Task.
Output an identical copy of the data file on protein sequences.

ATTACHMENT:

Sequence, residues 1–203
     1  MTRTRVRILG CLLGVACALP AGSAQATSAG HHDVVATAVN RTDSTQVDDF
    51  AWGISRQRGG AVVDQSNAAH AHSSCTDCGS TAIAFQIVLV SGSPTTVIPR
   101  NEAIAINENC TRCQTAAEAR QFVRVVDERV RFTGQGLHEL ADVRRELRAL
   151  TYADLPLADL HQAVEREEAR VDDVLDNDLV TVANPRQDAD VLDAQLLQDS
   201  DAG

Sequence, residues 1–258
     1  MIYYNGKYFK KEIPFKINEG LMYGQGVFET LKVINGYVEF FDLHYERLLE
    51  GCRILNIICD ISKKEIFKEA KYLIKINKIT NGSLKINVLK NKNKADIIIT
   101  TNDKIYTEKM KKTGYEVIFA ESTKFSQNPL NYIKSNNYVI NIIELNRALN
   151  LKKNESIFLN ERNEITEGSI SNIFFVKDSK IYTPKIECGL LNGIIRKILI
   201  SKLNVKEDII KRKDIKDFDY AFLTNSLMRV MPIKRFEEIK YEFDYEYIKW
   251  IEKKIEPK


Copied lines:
Sequence, residues 1–203
     1  MTRTRVRILG CLLGVACALP AGSAQATSAG HHDVVATAVN RTDSTQVDDF
    51  AWGISRQRGG AVVDQSNAAH AHSSCTDCGS TAIAFQIVLV SGSPTTVIPR
   101  NEAIAINENC TRCQTAAEAR QFVRVVDERV RFTGQGLHEL ADVRRELRAL
   151  TYADLPLADL HQAVEREEAR VDDVLDNDLV TVANPRQDAD VLDAQLLQDS
   201  DAG

Sequence, residues 1–258
     1  MIYYNGKYFK KEIPFKINEG LMYGQGVFET LKVINGYVEF FDLHYERLLE
    51  GCRILNIICD ISKKEIFKEA KYLIKINKIT NGSLKINVLK NKNKADIIIT
   101  TNDKIYTEKM KKTGYEVIFA ESTKFSQNPL NYIKSNNYVI NIIELNRALN
   151  LKKNESIFLN ERNEITEGSI SNIFFVKDSK IYTPKIECGL LNGIIRKILI
   201  SKLNVKEDII KRKDIKDFDY AFLTNSLMRV MPIKRFEEIK YEFDYEYIKW
   251  IEKKIEPK